US 2531665 A
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Description (OCR text may contain errors)
it hardening the material by Patented Nov. 28, 1950 FFICE MANUFACTURE OF EXPANDED TH ERMO- PLASTIC MATERIALS Stanley Booth, Dedham, England, assignor to Expanded Rubber Com England pany Limited, Cro'ydon,
No Drawing. Application November 13, 1946, Se-
rial No. 709,410. In Great 4 Claims.
This invention is concerned with improvements in and relating to the manufacture of expanded thermo-plastic materials, and its principal object is to provide a new and improved process for the production of rigid, light density cellular materials from thermo-plastic compositions.
By the term thermo-plastic materials or compositions as used in this specification is meant a material hard at room temperatures and capable of softening by heat and consisting of or comprising a thermoplastic resin, e. g. polystyrene, poly methyl methacrylate, polyethylene and cellulose esters and ethers.
Light density cellular materials have already been made fromthermo-plastic compositions by processes similar to those already known for the production of gas expanded cellular rubber materials, in which a composition of rubber is impregnated with a gas under a high pressure, generally of the order of 4,000 lbs/sq. in., after which the external pressure is released, so asto allow the internal pressure of the retained or dissolved gas to expand the material, which is thus obtained as a product having a fine uniform and cellular structure. Thus British specification No. 527,951 (Expanded Rubber Company Ltd. and Alfred Cooper) described a process for the production of expanded thermo-plastio materials by partially filling a mould witha thermo-plastic synthetic resin, sealing the mould so as to render it gas-tight, introducing gas into the mould under a high pressure and heating the mould to a temperature suificient to soften the resin, and while it is thus softened reducingthe pressure so as to allow the retained or dissolved gas to expand the material to fill the mould, and thereupon cooling whilst it is still supported by the mould.
The specification of a co-pending British patent application No. 3369/42 describes a method which enables gas-tight moulds to be dispensed with according to which the thermo-plastic material is made into a stiff dough by the use of a solvent or plasticiser. The dough. preferably supported by a container is subjected to a high gas pressure in an autoclave which, if the dough is not sufficiently plastic, may be heated at about 100 C., for several hours, after which the autoclave is cooled and the gas pressure released, when the additional adiabatic cooling due to release of gas pressure causes the gas impregnated dough to become hard and rigid. On removal from the autoclave and warming to room temperature, expansion of the material occurs. In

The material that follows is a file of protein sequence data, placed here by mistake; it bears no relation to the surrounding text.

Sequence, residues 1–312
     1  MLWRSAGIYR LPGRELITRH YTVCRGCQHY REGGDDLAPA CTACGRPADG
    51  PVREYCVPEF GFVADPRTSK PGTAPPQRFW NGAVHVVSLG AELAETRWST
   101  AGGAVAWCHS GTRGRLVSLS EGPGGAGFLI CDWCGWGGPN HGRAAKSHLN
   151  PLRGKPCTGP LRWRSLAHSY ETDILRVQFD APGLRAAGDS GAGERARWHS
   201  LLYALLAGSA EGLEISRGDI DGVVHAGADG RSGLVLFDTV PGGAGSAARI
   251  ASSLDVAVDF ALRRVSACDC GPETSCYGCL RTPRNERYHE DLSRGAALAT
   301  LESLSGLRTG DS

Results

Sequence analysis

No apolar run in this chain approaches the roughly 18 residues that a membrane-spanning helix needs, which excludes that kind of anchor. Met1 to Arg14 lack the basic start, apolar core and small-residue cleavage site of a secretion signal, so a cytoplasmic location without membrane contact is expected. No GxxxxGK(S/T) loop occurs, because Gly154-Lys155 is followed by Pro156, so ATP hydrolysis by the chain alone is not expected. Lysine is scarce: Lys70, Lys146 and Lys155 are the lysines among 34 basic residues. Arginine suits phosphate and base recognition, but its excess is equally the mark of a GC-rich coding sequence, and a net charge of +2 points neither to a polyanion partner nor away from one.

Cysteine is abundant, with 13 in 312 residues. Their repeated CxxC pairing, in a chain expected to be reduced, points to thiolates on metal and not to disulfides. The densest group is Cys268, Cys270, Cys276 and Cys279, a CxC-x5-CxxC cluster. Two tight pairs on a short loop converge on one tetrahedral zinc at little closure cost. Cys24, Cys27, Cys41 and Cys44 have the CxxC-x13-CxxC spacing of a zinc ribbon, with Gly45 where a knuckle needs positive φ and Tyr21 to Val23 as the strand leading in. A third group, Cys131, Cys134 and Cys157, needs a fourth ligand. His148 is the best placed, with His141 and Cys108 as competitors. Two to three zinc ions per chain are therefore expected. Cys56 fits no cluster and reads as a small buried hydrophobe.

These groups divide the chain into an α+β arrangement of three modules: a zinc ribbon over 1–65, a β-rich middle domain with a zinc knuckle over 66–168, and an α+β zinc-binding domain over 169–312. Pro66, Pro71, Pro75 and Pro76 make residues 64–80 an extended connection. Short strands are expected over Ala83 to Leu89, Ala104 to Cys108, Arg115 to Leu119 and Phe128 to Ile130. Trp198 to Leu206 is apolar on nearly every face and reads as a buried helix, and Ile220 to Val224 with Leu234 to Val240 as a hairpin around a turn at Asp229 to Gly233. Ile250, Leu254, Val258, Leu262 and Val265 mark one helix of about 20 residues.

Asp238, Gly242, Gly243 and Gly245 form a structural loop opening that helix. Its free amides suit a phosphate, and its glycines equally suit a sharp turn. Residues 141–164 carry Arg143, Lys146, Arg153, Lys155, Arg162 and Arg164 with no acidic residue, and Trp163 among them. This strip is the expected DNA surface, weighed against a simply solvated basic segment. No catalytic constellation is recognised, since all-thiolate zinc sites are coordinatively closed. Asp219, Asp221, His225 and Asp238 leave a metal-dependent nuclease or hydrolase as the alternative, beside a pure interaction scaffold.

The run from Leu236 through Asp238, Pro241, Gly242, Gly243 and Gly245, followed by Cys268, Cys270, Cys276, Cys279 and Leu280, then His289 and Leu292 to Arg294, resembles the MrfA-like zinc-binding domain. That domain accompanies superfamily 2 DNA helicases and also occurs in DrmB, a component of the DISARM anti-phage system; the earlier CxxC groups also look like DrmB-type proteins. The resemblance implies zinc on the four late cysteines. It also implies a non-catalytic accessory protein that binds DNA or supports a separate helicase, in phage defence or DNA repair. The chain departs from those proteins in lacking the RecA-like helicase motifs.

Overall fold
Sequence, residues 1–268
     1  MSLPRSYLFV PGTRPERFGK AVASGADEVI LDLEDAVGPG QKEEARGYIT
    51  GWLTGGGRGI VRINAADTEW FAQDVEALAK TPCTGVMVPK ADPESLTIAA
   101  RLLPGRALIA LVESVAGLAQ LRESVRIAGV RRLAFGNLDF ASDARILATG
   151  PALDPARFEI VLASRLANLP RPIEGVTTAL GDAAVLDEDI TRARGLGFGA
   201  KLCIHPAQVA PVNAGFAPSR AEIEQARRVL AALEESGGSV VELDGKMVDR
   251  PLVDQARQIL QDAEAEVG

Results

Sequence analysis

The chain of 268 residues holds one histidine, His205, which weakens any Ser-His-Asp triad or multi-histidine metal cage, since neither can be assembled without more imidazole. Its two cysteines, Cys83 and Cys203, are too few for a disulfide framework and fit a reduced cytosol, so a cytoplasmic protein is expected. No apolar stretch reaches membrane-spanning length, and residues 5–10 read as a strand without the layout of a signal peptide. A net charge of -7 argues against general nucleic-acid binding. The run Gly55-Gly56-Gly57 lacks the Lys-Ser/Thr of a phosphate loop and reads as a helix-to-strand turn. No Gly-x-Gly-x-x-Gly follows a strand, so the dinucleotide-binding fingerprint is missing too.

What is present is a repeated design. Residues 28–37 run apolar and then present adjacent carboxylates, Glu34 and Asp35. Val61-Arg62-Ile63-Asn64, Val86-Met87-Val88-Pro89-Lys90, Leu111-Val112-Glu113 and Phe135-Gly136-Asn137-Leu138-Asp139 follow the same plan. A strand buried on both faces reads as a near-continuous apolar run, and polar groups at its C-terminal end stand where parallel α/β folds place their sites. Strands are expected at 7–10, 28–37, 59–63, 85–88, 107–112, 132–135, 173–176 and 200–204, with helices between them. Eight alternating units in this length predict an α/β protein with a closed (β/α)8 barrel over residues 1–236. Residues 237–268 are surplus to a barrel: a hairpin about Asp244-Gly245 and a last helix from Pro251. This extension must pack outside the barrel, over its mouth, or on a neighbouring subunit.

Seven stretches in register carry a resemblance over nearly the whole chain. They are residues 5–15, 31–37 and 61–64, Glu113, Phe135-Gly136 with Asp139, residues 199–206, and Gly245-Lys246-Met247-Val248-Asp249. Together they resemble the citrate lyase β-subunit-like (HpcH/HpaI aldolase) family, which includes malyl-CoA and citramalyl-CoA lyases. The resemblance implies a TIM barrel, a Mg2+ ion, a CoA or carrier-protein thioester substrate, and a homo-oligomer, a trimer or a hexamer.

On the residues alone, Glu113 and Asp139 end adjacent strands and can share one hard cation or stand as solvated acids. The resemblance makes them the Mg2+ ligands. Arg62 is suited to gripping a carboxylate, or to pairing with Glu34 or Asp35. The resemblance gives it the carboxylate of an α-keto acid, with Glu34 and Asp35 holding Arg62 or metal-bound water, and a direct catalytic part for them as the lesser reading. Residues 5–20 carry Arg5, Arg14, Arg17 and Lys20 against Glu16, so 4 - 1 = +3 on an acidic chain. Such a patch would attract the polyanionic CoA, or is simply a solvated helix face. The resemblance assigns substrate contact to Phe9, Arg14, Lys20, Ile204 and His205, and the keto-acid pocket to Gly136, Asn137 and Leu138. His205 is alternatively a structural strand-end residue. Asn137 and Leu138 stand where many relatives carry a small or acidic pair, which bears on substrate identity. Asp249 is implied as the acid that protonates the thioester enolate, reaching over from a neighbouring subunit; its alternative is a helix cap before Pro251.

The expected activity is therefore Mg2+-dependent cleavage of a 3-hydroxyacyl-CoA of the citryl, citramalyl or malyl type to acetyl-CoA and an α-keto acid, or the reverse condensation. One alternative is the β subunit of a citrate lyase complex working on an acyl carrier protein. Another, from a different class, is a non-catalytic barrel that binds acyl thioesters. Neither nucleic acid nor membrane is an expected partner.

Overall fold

. order to obtain a product of satisfactory rigidity,
Britain July 4, 1946 the thus expanded material must be suitably treated as for example by seasoning, so as to remove the solvent or plasticizer used to form the original dough.
It is an object of the present invention to provide an improved process for the production of expanded products of the kind described which does not involve the use of gas-tight moulds or the need of any seasonin or similar operation.
We have now found that thermo-plastic mate- \rials as hereinbefore defined will, if subjected to a high gas pressure in a suitable vessel, such for example as an autoclave, absorb suflicient gas for the subsequent expansion operation at moderatelylelevated temperatures at which the materials are considerably harder than has hitherto been consider ed suitable for obtaining a satisfactory gassing. It has further been found that if the gassed material is allowed to cool to room temperature whilst still under' high gas pressure, the pressure may then be released and the material removed from the vessel, without expansion taking place. The expansion may conveniently be effected subsequently, by heating the gas-containing material to a temperature at which it is soft and/or elastic. Asthe rateof diffusion of the gas from the plastic material increases rapidly with rise of temperature, it may be found that, unless steps are taken to prevent this diffusion during the period Of heating, most of the gas will have escaped bv the time the material is soft enough to allow of expansion taking place and the internal pressure of the residual gas may be insufficient to cause thedesired expansion.